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History and Founders

Our History

Orthopaedic Surgery was established in Milwaukee in 1909 when Dr. Frederick Julius Gaenslen started his practice in the new surgical specialty restricted to bone and joint disease. Dr. Gaenslen was Chair of the Department of Orthopaedic Surgery of Marquette University School of Medicine from 1917-1920 and Orthopaedic Surgery was a Division of Surgery. (Dr. Gaeslen later became one of the seven original founders of the American Academy of Orthopaedic Surgeons in 1931.) The department continued under the chairship of John W. Powers, MD from 1920-1938 and Herman C. Schumm, MD from 1938-1955.

In July 1946, two separate graduate medical education programs in orthopaedic surgery were established in Milwaukee: the Columbia Hospital Program (which included Milwaukee Children’s Hospital) and the Veterans Administration Hospital Program. Although the faculty of both programs were members of the Faculty of Marquette University School of Medicine, each program was administered separately.

The Columbia-Children’s Hospital Program was conceived and initiated by Drs. Walter P. Blount and Albert C. Schmidt, and was a three-year program encompassing adult and reconstructive surgery, skeletal trauma and fractures, children’s orthopaedics, and office orthopaedics. The program was governed by the unity of command of both Drs. Blount and Schmidt and staffed by the faculty at both Columbia and Children’s Hospital.

The Veterans Administration Program was administered by Dr. Peter L. Carnesale as Chief of Service, Dr. Albert C. Schmidt, as Senior Consultant, and Dr. Paul Collopy, J. Howard Johnson, and John O’ McCabe, as Junior Consultants. The Program was a two-year program of adult and reconstructive surgery, and skeletal trauma and fractures.

In 1956, the two residency programs combined to form the Milwaukee Orthopaedic Residency Program. The incorporation was a gradual melding of the needs and desires of the leaders of both programs. That same year, Dr. Blount was appointed chair of the Department of Orthopaedic Surgery at the Marquette University Medical School. The residency program received its initial accreditation in 1959.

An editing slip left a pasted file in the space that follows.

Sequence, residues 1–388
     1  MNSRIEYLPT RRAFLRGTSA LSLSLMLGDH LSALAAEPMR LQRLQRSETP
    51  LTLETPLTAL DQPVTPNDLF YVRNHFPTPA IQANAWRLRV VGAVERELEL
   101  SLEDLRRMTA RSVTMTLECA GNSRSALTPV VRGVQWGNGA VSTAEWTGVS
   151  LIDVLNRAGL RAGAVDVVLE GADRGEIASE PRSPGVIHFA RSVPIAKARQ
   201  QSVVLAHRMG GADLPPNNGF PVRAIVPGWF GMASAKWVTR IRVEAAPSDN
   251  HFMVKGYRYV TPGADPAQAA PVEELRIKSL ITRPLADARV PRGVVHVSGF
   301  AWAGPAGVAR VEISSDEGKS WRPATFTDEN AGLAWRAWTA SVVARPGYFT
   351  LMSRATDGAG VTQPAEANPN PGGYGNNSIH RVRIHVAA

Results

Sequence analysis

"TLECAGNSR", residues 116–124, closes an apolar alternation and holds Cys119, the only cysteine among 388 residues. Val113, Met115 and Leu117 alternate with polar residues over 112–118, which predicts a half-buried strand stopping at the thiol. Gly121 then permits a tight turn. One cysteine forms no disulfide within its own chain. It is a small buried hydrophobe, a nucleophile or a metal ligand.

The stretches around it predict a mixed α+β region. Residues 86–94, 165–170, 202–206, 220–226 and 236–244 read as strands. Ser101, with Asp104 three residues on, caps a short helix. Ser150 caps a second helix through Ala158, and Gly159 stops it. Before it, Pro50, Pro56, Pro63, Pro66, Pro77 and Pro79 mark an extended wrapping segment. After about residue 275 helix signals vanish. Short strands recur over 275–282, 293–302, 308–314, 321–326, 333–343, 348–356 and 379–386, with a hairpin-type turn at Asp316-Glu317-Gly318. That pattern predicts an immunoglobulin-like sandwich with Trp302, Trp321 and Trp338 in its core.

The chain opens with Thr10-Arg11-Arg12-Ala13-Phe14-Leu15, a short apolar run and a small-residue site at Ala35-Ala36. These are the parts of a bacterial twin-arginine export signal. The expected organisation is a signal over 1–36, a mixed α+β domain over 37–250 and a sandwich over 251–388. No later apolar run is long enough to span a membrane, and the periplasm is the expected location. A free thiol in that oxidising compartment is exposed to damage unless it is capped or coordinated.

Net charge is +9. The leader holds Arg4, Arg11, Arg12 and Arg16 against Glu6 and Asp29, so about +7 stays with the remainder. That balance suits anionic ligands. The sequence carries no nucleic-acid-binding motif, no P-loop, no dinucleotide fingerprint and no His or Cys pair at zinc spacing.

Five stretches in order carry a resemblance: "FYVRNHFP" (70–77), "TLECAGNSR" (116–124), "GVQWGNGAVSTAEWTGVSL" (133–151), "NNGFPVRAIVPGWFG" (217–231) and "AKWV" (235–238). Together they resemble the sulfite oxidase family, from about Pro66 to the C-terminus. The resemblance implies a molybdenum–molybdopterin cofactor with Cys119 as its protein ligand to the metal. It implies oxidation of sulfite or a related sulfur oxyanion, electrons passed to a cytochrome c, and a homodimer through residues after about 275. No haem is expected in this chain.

Throughout the many changes to buildings, institutions, leadership and economics, one abiding core value persists. The faculty then and now loves teaching.

In 1968, Bruce J. Brewer, MD, became chair and the Department of Orthopaedic Surgery became independent from the Department of Surgery. At the same time Marquette University terminated its sponsorship of the medical school with the school continuing as a private, national, freestanding institution. The school was ultimately named The Medical College of Wisconsin in 1970. 
At that time, the department had two to four full-time faculty housed at the Milwaukee County Hospital. These were generalists but contributed to the orthopaedic literature. Dr. Sam Nessman wrote on spinal fixation and was an early adapter of closed IM nailing. Dr. Roger Johnson published a seminal article, with Dr. Jack Mayfield (a resident at the time) on ligaments of the wrist and wrist injury patterns. Dr. Brewer was an early sports medicine pioneer caring for the Milwaukee Braves and Bucks. In 1970, the school changed its name to the Medical College of Wisconsin. In 1976, Dr. Brewer moved his community practice to “the county” establishing this campus as the true center of the program. The program continued to thrive in this pattern until the arrival of Dr. Brewer’s successor, Dr. John Gould.

In 1986 Dr. Gould arrived from Alabama with energy and a vision. The program went through an era of unparalleled growth in faculty and specialization. This was the “modernization” of the MCW program. The old “orange” and “gray” County Hospital services were replaced by specialty divisions. These divisions included hand, trauma, pediatrics, total joint reconstruction, foot and ankle, spine and sports. Oncology was added the early 2000’s. New fellowship-trained faculty were recruited and became the backbone of the department. In 1996 Dr. Gould left to return to Alabama.

After a lengthy search, Dr. Jeffrey Schwab was appointed chair. His tenure has been used to add depth to the divisions, develop the oncology program and to try and shepherd the program through some challenging times both financial and administrative. Today we have a financially, research active, thriving practice and Orthopaedic Surgery Residency Program.

Throughout the many changes to buildings, institutions, leadership, and economics, one abiding core value persists. The faculty then and now loves teaching. Today, the department has 22 full-time fellowship trained orthopaedic surgery faculty, 5 volunteer orthopaedic surgery clinical faculty, 5 primary care fellowship trained faculty, and 4 full-time research faculty. The education of residents is the activity that brings them to and keeps them at the Medical College, keeps them young at heart, keeps them challenged and keeps them in love with their job. We strive to provide an excellent opportunity for residents to become learners – of orthopaedic knowledge, technical skills, ethics, and bedside manner. The satisfaction of participating in the development of residents who become excellent orthopaedic surgeons has been and continues to be our biggest reward.

Department Chairs